Obama also won money for two other administration priorities—information technology in health care, and “green jobs” to make buildings more energy-efficient and reduce the United States’ reliance on foreign oil.
The final details of the bill included the drafting of precise language on trade.
The House included a “Buy America” restriction forbidding the use of foreign steel and other products on infrastructure projects funded in the bill. Negotiators were largely going with a Senate version that is much less restrictive, saying the US government would abide by its international trade commitments.
The bill’s approval caps an early period of accomplishment for the Democrats, who won control of the White House and expanded their majorities in Congress in the November elections.
Since taking office on Jan. 20, Obama has signed legislation extending government-financed health care to millions of lower-income children who lack it, a bill that President George W. Bush twice vetoed.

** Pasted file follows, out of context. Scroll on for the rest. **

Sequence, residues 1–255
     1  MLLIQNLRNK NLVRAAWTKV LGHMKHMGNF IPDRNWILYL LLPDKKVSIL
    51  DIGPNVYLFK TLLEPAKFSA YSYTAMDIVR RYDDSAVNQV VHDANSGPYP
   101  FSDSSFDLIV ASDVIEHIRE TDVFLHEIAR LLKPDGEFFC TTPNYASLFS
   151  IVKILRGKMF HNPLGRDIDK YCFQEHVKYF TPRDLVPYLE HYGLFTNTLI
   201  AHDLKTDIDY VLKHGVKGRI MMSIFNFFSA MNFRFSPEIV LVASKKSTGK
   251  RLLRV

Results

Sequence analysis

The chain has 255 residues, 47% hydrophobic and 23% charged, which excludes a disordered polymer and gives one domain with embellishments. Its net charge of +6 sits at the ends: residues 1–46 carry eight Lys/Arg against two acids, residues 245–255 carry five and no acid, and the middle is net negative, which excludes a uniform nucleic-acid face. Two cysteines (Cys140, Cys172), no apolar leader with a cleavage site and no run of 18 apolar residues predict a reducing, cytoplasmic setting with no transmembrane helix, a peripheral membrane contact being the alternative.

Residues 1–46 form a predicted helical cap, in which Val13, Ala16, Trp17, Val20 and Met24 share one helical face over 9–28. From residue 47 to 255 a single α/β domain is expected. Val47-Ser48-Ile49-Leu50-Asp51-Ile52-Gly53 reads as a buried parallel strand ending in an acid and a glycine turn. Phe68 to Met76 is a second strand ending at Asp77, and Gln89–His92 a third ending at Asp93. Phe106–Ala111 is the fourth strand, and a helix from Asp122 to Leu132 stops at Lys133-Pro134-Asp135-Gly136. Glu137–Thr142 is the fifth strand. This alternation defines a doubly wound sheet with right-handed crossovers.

Obama has also put his signature on a measure making it easier for workers to sue their employers for alleged job discrimination, effectively overturning a ruling by the Supreme Court’s conservative majority. With reports from Cynthia D. Balana in Manila, AFP, Inquirer wires
There was public outrage when Mr. Romulo Neri, of the ZTE-NBN notoriety, was named by President Gloria Macapagal-Arroyo to head the Social Security System (SSS). The appointment was seen as Neri’s reward for his silence on the ZTE-NBN deal and blind loyalty to Ms Arroyo. It was feared that Neri would also play deaf and dumb should the Arroyo administration decide to raid the pension funds, for political purposes.
It has been reported that P12.5 billion (yes, billion!) of SSS funds is being eyed “for infrastructure,” as part of the “stimulus package” (Philippine Daily Inquirer, 2/3/09; read story) which would be placed at the disposal of Ms Arroyo.
Given Malacañang’s track record in misspending tax money with shameless abandon and buying loyalties with generous “cash gifts” and other perks, we shudder at the thought that all this SSS money could end up being used (read: diverted) to ensure Ms Arroyo’s continued stay in Malacañang beyond 2010 — as earnestly, if shamelessly, prayed for by her trusted drumbeater Jesus Dureza.
And the worst part is, she may not have to account for all that profligacy in the wake of the Supreme Court’s ruling on “executive privilege,” which virtually strikes down any attempt to hold her and her underlings accountable for any act of malversation and corruption. God help the Philippines!